• To help prevent frostbite and frostnip, dress your child warmly in layers. Make sure ears, fingers, and toes are well covered.

 

Next steps

Tips to help you get the most from a visit to your child’s healthcare provider:

  • Know the reason for the visit and what you want to happen.
  • Before your visit, write down questions you want answered.
  • At the visit, write down the name of a new diagnosis, and any new medicines, treatments, or tests. Also write down any new instructions your provider gives you for your child.
  • Know why a new medicine or treatment is prescribed and how it will help your child. Also know what the side effects are.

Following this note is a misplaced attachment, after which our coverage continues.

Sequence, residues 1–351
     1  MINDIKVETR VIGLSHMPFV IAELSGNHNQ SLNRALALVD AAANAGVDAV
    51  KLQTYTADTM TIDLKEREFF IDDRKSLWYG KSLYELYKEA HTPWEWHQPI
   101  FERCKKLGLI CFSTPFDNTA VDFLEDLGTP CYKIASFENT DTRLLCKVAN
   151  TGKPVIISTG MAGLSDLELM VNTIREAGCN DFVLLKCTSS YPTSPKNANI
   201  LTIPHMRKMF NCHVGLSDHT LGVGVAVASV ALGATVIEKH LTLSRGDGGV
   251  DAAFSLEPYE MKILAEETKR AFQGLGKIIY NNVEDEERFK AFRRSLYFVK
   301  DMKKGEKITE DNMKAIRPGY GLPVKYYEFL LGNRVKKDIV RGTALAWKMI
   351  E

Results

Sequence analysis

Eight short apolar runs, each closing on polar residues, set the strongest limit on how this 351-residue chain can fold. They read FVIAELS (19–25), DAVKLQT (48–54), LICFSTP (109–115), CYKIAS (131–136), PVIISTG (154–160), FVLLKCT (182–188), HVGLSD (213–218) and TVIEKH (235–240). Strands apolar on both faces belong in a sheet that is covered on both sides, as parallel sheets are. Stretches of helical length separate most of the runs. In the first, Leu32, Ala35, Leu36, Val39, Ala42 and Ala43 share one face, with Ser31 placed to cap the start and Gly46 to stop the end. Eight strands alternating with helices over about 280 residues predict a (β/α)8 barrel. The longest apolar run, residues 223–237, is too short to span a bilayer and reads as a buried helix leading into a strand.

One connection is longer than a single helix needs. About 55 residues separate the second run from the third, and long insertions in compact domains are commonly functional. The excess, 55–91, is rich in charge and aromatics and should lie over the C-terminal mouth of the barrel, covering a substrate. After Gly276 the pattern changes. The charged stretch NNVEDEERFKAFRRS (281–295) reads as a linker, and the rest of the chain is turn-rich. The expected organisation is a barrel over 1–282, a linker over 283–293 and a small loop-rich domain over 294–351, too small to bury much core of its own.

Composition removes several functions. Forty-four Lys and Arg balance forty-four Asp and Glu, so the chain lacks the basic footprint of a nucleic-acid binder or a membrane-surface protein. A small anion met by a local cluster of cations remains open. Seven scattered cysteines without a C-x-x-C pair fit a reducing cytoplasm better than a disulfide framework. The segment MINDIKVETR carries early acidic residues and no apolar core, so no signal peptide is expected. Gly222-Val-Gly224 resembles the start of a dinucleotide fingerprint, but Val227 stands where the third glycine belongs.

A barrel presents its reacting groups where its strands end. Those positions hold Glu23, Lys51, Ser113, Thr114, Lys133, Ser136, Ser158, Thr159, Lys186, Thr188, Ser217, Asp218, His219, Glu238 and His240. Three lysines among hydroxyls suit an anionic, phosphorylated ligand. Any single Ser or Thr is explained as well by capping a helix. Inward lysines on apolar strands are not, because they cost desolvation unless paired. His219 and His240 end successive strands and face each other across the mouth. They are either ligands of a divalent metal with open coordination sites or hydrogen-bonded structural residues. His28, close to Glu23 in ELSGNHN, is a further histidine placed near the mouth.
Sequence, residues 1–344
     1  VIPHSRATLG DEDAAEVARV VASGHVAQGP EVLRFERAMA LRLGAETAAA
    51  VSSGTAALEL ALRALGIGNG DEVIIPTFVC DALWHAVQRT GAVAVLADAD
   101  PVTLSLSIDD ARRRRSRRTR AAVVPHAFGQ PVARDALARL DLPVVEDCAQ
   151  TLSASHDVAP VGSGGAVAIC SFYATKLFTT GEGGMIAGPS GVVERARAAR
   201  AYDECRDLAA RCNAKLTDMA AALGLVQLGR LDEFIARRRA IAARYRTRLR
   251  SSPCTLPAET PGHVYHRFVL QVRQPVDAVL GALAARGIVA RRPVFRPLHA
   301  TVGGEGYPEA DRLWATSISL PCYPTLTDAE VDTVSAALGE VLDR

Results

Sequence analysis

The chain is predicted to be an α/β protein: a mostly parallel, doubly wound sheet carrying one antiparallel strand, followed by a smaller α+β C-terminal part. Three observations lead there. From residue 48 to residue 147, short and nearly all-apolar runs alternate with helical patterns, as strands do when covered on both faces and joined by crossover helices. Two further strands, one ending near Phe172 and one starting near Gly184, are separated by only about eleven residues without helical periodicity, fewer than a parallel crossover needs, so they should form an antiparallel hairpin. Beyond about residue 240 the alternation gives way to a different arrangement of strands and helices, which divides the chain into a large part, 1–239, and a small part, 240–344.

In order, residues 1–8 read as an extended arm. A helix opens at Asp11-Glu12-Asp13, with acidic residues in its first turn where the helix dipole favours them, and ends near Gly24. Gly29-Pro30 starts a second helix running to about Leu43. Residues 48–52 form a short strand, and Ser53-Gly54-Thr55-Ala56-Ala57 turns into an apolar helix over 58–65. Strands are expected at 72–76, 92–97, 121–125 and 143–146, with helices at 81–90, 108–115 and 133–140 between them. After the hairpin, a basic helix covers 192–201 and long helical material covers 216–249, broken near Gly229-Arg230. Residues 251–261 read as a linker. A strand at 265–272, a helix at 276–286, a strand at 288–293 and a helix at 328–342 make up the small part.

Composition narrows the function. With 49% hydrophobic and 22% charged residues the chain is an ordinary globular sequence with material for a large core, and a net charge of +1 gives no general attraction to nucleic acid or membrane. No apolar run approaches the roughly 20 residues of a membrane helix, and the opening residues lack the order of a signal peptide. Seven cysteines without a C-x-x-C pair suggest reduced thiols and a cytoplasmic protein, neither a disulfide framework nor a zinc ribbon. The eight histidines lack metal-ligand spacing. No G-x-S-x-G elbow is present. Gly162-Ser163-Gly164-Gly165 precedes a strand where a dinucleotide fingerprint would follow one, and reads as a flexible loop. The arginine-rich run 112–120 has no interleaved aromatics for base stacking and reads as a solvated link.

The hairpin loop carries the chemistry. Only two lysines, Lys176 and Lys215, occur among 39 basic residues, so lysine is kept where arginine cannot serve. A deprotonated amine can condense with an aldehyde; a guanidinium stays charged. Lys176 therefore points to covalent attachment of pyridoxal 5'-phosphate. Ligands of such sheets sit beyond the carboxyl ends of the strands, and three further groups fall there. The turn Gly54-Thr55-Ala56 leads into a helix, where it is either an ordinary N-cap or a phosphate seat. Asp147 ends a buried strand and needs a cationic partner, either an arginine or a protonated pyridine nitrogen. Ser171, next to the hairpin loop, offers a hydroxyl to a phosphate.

• Ask if your child’s condition can be treated in other ways.
  • Know why a test or procedure is recommended and what the results could mean.
  • Know what to expect if your child does not take the medicine or have the test or procedure.
  • If your child has a follow-up appointment, write down the date, time, and purpose for that visit.
  • Know how you can contact your child’s provider after office hours. This is important if your child becomes ill and you have questions or need advice.
Online Medical Reviewer: Adler, Liora, C, MD
Online Medical Reviewer: Cunningham, Louise, RN
Online Medical Reviewer: Fraser, Marianne, MSN, RN
Date Last Reviewed: 8/1/2017
© 2000-2017 The StayWell Company, LLC. 800 Township Line Road, Yardley, PA 19067. All rights reserved. This information is not intended as a substitute for professional medical care. Always follow your healthcare professional's instructions.